In 1923 it already appeared in the magazine Graphic world an article that certified that the hill had passed from being known as of the crazy. In the text, which refers to the sporting activities of bullfighters: “apparently alleged imitators of fallow deer, zebras and wildcats, who give the feeling of crazy tying in their morning acrobatics exercises and crosscountry“. A year later, the newspaper The voice He discovered the unknown place to his readers, clearly referring to the practice of nudism on the hill and to self-construction in space, with a pool that anticipated the famous showers installed by the regulars of the place:
“We start to flake when we have been walking for a few minutes. There is nothing more than stubble, cuts in the ground and a stream that runs rustling towards the Manzanares. You don’t see a soul. There is nothing we are looking for. In the shadow of a cut. on the land there is, yes, a citizen belly up, who is given a guard of honor — to the right and left — by two good girls, also lying indolently. No Sultan of the fabulous East would be in a more satisfied or comfortable attitude. ”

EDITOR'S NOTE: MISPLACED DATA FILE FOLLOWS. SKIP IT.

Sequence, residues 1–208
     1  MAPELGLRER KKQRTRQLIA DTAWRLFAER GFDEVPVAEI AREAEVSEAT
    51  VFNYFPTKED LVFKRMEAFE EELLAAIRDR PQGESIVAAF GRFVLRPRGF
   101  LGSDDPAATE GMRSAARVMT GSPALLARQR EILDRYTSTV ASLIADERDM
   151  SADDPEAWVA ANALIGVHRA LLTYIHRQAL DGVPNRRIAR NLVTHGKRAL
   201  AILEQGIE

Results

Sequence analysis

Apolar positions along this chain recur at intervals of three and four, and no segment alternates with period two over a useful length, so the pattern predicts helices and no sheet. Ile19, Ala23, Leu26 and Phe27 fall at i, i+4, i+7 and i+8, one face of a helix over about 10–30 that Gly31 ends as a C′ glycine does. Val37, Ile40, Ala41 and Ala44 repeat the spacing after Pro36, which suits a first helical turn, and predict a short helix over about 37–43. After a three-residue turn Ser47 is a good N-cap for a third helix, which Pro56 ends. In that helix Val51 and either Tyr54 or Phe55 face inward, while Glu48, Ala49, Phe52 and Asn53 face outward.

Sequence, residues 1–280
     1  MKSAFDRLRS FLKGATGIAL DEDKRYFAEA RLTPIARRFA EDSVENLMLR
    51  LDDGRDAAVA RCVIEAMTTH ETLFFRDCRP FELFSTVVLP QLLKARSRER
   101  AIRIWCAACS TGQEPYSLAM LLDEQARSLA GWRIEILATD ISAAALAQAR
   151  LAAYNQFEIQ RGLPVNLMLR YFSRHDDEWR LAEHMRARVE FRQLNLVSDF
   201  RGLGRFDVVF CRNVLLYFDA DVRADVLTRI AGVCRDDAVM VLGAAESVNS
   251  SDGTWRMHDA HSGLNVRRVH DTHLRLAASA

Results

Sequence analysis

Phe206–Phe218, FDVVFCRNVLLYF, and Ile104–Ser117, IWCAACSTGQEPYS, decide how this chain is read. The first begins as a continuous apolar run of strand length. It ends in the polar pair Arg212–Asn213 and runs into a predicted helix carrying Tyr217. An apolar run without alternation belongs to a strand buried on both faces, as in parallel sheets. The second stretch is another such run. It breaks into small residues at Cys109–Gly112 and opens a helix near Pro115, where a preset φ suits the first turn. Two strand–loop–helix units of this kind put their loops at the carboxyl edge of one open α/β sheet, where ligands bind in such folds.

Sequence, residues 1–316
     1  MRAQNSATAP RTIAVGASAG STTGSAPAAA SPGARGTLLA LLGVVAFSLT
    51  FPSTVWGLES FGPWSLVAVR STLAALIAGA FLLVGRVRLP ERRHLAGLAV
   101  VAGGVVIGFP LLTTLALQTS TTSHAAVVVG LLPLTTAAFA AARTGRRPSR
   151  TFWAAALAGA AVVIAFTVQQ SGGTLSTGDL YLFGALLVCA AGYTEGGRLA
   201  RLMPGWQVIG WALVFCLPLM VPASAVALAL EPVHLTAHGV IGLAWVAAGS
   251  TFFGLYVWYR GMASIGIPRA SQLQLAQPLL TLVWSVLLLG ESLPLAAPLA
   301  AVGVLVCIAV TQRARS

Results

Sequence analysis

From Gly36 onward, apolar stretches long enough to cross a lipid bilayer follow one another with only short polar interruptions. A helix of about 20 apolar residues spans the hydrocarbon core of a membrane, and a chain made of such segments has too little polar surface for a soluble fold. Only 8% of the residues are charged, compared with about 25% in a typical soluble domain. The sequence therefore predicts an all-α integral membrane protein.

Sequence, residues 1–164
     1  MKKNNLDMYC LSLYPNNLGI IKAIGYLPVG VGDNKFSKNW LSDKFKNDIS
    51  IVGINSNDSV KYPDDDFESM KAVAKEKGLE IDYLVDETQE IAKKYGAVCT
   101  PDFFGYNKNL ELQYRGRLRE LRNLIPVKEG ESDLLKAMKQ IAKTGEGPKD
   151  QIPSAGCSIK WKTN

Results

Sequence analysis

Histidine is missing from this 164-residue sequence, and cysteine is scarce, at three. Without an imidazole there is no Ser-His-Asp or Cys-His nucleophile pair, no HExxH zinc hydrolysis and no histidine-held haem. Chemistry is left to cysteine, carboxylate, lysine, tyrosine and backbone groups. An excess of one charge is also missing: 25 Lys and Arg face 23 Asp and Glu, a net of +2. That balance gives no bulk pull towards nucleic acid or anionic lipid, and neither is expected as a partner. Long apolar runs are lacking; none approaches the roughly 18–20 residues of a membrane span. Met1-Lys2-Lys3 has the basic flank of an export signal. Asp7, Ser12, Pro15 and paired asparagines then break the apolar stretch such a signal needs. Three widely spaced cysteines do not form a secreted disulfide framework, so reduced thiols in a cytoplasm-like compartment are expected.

“At the top of the hill, among the undergrowth, we began to discover men and boys completely naked. Some run like fear; others do push-ups on their legs; others twist their torso in an extraordinary way; two, there, do boxing fencing “.
“In effect, these ‘madmen’ have built a surprising pool. They have been forming in the stream like a four meter square and one deep hole, where two or three meters can bathe comfortably. Bullfighters are distinguished from athletes in that they wear gold medals around their necks. ”
During the war the hill always remained on republican terrain and was heavily bombarded from Garabitas due to its nature as an observatory close to the front. There are many residents who know well the trench trenches in the area, caves for storing weapons, now blinded, and remains of shrapnel embedded in the surrounding trees. More than one shell, and more than two, has been sold for scrap in the postwar period, and the older ones recall getting into the galleries leading to the bunkers, before they were sealed. In these caves and forts families also lived badly in the worst years of famine.